The mimic octopus is known to impersonate toxic flatfish, lionfish and even sea snakes by creatively configuring its limbs, adopting undulating movements, and displaying bold brown-and-white colour patterns, a new study says.
Thanks to these brazen habits, it can swim in the open with relatively little fear of predators. Conversely, the small and timid jawfish spends most of its adult life close to a sand burrow, where it will quickly retreat upon sighting a predator.
During a diving trip in Indonesia in July 2011, Godehard Kopp of the University of Gottingen, Germany, filmed an unexpected pairing between the two animals.
Like a lackey clinging on to the big man on campus, the black-marble jawfish was seen closely following a mimic octopus as it moved across the sandy bottom.
The jawfish had brown-and-white markings similar to the octopus, and was difficult to spot among the many arms. The octopus, for its part, did not seem to notice or care.
Kopp sent the video to Rich Ross and Luiz Rocha of the California Academy of Sciences, who identified the jawfish species. Since this association had not been recorded before, they published their observations online last month in the scientific journal Coral Reefs.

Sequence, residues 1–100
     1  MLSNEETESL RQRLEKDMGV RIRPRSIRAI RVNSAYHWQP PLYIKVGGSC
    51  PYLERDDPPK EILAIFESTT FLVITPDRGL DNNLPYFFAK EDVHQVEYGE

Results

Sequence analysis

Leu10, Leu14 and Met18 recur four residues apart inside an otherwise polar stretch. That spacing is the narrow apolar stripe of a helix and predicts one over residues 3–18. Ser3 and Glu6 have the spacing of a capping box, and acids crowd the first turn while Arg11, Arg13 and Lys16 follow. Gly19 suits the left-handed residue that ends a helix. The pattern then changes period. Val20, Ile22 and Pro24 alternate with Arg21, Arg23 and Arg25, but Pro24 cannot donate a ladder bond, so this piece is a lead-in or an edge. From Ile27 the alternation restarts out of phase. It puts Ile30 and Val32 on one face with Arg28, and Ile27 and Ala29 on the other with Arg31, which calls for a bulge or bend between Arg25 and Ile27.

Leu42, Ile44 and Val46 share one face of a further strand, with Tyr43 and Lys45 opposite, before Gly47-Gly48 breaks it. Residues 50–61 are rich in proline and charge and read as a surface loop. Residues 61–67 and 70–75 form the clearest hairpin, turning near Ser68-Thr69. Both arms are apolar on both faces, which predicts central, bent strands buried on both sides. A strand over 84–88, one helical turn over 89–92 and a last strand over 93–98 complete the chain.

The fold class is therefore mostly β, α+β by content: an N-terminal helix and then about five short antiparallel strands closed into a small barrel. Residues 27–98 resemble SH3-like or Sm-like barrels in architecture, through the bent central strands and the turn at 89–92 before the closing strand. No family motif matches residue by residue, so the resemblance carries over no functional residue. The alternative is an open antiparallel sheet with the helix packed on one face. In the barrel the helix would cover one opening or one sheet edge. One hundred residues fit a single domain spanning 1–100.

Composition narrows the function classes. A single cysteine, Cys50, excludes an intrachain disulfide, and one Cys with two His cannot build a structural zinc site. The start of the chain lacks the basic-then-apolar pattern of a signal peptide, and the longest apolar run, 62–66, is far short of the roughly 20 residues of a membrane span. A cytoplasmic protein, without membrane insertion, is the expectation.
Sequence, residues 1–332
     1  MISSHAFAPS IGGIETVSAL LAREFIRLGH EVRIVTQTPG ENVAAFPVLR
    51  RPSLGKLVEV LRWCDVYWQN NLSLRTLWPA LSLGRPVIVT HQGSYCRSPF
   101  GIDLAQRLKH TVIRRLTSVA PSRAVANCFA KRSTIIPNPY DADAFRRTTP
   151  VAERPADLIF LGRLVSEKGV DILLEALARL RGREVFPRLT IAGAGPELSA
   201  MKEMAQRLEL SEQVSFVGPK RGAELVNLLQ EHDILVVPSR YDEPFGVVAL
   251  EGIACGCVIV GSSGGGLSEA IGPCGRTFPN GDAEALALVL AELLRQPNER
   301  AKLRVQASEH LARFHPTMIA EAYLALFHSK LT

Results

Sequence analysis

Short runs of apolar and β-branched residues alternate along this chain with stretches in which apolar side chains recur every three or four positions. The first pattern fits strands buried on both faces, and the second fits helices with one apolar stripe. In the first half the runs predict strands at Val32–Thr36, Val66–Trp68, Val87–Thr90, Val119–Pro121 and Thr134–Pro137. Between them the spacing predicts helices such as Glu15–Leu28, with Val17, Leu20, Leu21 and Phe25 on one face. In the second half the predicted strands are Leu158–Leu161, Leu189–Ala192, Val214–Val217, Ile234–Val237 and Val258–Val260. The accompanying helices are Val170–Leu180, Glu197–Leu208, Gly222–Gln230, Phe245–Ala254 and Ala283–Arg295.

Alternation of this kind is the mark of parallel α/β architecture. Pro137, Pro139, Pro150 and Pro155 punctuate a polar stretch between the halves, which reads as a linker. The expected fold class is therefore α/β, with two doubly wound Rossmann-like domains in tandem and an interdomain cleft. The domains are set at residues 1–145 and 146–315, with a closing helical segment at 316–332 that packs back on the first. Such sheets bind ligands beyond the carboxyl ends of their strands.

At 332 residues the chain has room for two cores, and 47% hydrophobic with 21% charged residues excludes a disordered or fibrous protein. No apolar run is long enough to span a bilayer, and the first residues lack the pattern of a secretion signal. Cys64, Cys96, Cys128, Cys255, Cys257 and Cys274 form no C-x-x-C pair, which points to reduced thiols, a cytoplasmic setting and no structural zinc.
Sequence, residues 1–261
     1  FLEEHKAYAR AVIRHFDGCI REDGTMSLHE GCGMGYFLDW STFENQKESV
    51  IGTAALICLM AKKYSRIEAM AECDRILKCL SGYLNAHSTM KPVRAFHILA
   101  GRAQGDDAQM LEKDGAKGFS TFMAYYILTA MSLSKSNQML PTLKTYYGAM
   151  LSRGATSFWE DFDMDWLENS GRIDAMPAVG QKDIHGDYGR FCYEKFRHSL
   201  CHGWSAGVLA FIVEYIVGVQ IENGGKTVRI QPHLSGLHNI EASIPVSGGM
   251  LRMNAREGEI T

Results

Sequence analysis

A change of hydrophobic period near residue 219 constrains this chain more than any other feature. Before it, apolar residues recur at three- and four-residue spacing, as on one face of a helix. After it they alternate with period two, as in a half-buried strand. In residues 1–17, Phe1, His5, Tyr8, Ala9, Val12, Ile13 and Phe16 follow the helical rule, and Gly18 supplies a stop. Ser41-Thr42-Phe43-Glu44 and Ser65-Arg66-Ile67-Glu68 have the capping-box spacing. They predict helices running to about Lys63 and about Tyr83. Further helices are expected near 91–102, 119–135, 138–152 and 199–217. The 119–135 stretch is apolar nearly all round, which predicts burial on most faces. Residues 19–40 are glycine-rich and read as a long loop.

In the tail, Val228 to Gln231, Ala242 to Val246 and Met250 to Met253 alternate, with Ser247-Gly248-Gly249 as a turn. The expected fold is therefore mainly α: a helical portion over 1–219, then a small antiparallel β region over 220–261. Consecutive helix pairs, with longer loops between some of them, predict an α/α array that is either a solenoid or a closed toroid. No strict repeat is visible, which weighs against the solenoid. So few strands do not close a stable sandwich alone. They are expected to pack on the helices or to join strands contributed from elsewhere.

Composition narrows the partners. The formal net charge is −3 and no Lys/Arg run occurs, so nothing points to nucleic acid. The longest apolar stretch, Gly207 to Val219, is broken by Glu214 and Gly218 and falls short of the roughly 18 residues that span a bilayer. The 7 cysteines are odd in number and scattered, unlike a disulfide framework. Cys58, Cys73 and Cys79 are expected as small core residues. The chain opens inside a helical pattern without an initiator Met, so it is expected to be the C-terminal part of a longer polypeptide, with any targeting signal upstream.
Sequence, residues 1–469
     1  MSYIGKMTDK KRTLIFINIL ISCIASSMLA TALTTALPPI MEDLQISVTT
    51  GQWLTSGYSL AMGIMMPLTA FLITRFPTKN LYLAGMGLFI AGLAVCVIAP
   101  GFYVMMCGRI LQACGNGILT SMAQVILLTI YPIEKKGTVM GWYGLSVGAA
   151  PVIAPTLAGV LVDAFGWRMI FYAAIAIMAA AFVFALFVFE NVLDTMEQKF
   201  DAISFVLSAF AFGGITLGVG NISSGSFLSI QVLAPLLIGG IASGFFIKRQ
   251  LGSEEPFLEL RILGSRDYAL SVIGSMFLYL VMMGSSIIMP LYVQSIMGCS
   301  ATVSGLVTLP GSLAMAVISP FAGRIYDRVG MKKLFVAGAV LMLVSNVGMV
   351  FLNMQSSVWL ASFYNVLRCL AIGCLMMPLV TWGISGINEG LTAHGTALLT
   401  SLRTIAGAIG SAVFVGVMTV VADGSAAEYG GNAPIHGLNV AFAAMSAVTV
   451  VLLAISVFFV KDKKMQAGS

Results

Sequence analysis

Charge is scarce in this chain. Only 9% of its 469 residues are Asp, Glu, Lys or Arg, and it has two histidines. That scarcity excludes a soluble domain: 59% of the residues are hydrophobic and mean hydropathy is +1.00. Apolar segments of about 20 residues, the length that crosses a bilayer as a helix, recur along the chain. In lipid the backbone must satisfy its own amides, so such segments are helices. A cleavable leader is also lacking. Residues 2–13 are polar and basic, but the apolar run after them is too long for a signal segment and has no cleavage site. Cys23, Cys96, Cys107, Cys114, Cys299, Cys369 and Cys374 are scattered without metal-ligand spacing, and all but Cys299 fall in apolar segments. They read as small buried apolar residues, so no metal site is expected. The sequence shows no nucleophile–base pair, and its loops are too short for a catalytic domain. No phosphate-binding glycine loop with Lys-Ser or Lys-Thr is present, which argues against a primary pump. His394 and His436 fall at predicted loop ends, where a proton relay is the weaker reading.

The authors surmise that the jawfish hitches a ride with the octopus for protection, allowing it to venture away from its burrow to look for food-a case of "opportunistic mimicry".
"This is a unique case in the reefs not only because the model for the jawfish is a mimic itself, but also because this is the first case of a jawfish involved in mimicry," said Luiz Rocha, assistant curator of ichthyology at the California Academy of Sciences.
"Unfortunately, reefs in the Coral Triangle area of southeast Asia are rapidly declining mostly due to harmful human activities, and we may lose species involved in unique interactions like this even before we get to know them," added Rocha.